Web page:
Horned Melon (Kiwano): Origins - Consumption - Nutrition Facts - Health Benefits


  • Geographic origin and regions grown
  • Common consumption today
  • Nutrition Facts: Vitamins, minerals and phytochemical components
  • Health Benefits: Medicinal uses based on scientific studies
  • Bibliography

Geographic Origins and Regions Grown


If you are trying to find something fun for you and the kids or a novelty to surprise your co-workers, try putting this crazy melon in your packed lunch for the day! Sometimes referred to as the African horned cucumber, melano, kiwano (because of its resemblance to kiwifruit) or hedged gourd, the horned melon will certainly put you on the list of adventurers at the lunch table. 

The horned melon is a vined plant, much like the pumpkin. This particular melon, however, is found most frequently in its place of origin: the Kalahari Desert in Africa. This unique fruit came across to California, as well as to New Zealand, and hopefully will hit the supermarkets of America fairly soon, though with its bland taste it is unlikely to be well received. You can expect it to be costly when found in supermarkets though, since it is grown in so few places currently and is mostly grown as an ornamental fruit. 

 This unique fruit does not stop at its horned oval shape, however. It is difficult trying to picture a large number of these together at once like in a supermarket produce section. Also surprising is the leaves and stems: they have hair! Imagine seeing one of these grown to giant sizes like the pumpkins of today.

Although it is possible for this fruit to be picked by hand, you should make sure to let it ripen to its full extent, where it appears orange and slightly bumpy, and where the yellow and green gelatinous pulp is filled with seeds like cucumbers, which it is a relative of. It is often compared to a pomegranate or passion fruit because of the pulp with numerous edible seeds.

Common Consumption Today

Yes, this fruit looks like a scary little puffer fish, but I promise that it will not bite. Horned melons, like any respectable melon, are edible and eaten raw for the most part. With some sugar sprinkled on it, it’s a taste of heaven, though some would argue that it is tasteless or bland and that the tough fibrous seeds make it unpleasant. The fruit is said to taste like a mixture of cucumber and kiwifruit with mild flavor, but it mimics the flavor of banana when it is fully ripened. 

Once you get the nerve to break into the middle of this melon, you’ll find that the seeds are also edible. If you’ve gone that far, you might as well go the extra mile, right? A good way of serving horned melon is peeled and sliced in a fruit salad or as a side dish along with roasted meat.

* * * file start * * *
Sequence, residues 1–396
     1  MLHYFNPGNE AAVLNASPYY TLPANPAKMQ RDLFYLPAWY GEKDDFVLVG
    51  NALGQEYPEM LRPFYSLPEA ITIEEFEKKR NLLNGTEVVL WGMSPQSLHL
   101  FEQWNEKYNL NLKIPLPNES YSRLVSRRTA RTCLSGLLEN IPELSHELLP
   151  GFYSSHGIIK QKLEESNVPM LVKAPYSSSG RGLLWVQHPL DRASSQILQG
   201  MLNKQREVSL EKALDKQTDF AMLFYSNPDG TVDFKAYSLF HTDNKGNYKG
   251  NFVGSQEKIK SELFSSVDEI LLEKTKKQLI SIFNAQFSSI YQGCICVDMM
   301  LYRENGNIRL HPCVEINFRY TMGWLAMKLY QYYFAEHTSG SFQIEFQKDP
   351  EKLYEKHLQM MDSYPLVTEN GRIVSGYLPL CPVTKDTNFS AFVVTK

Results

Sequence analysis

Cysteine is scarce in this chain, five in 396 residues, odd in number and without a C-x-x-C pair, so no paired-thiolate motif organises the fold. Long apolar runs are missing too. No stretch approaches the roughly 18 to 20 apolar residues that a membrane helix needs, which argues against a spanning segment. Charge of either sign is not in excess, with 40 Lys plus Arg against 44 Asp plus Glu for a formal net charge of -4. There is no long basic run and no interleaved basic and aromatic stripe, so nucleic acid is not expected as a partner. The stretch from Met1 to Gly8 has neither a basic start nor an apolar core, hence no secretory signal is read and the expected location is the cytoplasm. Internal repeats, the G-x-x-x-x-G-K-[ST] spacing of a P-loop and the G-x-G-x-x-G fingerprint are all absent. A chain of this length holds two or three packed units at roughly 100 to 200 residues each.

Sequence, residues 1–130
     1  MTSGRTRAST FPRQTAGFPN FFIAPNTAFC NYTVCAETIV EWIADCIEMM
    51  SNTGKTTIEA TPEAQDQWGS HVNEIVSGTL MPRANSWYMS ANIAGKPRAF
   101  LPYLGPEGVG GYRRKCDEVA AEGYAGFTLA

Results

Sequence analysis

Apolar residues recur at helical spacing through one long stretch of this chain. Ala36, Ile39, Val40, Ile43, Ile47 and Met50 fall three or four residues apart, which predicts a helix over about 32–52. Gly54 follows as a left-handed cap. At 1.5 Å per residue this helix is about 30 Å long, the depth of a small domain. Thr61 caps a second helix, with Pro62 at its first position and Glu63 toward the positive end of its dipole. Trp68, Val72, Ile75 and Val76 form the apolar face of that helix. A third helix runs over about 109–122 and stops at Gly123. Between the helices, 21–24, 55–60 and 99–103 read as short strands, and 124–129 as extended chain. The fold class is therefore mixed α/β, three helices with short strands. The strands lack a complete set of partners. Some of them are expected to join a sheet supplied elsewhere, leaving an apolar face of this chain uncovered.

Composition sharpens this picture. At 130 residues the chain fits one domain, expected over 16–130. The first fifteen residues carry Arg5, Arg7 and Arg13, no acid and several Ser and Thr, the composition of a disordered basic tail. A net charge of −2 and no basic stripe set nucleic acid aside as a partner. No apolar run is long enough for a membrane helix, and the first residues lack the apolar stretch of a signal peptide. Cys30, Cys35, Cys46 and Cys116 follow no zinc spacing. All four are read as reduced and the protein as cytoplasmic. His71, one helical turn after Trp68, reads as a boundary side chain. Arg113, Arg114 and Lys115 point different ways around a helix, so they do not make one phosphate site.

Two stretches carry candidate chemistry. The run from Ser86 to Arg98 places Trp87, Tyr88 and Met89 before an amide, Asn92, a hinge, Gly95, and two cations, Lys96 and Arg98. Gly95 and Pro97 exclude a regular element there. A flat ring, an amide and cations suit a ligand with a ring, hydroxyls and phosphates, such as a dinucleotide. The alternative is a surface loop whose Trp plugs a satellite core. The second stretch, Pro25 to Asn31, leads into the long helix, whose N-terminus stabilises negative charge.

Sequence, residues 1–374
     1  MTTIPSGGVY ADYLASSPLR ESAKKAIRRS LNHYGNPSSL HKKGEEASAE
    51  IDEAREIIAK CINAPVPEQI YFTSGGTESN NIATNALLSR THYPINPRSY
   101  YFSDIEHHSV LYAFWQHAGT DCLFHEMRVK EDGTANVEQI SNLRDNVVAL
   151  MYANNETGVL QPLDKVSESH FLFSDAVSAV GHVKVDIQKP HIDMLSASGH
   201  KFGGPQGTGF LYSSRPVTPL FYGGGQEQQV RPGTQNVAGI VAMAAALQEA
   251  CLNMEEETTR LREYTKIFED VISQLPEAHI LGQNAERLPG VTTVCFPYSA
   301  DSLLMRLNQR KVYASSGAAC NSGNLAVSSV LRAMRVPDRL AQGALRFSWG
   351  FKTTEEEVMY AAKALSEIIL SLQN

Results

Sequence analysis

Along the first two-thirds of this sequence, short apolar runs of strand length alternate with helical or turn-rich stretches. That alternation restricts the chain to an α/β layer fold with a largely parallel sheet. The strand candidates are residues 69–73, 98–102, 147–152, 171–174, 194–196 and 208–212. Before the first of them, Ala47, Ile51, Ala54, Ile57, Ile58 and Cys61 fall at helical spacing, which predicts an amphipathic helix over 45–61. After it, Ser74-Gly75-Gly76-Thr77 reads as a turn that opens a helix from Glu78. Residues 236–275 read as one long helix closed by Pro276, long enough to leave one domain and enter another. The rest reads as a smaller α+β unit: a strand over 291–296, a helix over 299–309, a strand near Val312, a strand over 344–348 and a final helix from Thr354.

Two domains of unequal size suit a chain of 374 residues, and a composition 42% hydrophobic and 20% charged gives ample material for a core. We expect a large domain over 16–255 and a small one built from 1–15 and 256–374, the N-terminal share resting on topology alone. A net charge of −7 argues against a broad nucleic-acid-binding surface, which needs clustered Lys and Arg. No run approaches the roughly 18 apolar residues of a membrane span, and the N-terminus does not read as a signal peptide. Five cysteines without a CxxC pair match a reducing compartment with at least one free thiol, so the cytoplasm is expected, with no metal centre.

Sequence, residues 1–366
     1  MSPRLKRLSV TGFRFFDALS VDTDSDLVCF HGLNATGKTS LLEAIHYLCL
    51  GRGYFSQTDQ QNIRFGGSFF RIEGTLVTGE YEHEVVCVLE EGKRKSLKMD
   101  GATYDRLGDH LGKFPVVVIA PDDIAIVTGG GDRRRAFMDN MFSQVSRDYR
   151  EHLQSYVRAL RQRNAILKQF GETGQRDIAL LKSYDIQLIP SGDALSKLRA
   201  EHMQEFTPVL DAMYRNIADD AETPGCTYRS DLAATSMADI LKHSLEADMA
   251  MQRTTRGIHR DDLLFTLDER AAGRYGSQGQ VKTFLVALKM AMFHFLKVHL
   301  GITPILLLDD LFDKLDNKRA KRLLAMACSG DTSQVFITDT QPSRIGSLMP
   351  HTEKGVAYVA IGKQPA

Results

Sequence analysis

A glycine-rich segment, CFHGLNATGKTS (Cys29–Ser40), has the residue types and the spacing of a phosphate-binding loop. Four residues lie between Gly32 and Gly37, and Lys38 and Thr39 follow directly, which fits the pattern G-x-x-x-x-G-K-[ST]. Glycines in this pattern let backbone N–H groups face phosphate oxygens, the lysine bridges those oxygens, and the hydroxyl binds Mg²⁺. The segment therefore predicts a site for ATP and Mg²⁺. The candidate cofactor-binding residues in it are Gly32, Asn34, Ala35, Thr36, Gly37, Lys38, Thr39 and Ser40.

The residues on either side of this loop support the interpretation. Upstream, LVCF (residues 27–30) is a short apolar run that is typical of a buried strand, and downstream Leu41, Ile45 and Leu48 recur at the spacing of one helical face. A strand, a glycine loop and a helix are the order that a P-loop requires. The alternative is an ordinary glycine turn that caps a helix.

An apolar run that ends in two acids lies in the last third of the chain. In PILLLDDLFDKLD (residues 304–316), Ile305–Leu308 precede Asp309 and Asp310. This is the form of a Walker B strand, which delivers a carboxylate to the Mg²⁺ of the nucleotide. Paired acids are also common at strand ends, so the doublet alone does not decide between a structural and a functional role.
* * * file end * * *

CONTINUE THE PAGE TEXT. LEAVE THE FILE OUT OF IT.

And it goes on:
It does not keep well when stored in the refrigerator, so like most tropical fruits, it is best when kept at room temperature. When stored at room temperature, horned melons can keep for more than three months, making them an excellent ornamental fruit. As an extension of their ornamental use, the horned melon is often cut in half and after the insides are scooped out and discarded, the beautiful shell is used as a serving bowl.

In its native region in Africa, the horned melon is eaten as a supplement, rather than as fruit like a banana or apple. This is due to the low sugar content, lack of acidity and aroma. But in some regions, it is being cultivated with an attempt to increase these positive attributes to make it marketable as an edible fruit.

Nutrition Facts: Vitamins, Minerals and Phytochemical Components

So, what’s a melon good for? You guessed it, iron. This melon contains three times as much as iron as that of a watermelon. It also has high levels of vitamin C along with some vitamin A, calcium and of course fiber.

If you have heard that bitter melons are toxic, that is not incorrect. Historically, horned melons contained cucurbitacines, a bitter phytochemical that is toxic to animals and man. But here’s why you can now eat them: recent cultivars of the fruit have been bred to be cucurbitacines free, so the fruit is no longer toxic.

Full nutrition facts are seen in the table below:

Health Benefits: Medicinal Uses Based on Scientific Studies

If you want to use a natural food to treat an iron deficiency, this melon can help. All of the symptoms that accompany anemia like fatigue, overall weakness, and a weakened immune system can be treated with iron (1).

It is known that horned melon was used a natural supplement by the locals in Africa where it was originally grown. But there is currently no scientific documentation of what the fruit is a supplement for, so we can only assume it is considered a supplement due to the high iron and vitamin C content.

The seeds are ground up, mixing with water and ingested to kill tapeworms and parasites (2). After the seeds are used to kill the worms, it is necessary for the affected person to purge in order to expel the dead worms. There are no other published scientific studies showing the medicinal benefits of horned melon, but as its popularity increases we can soon expect to see such studies conducted.


1. St. Lifer, Holly (2005). A taste of the exotic. Oxygen Magazine #68, pg. 102

2. Chiej, Roberto (1984). Encyclopaedia of Medicinal Plants. MacDonald Encyclopedias


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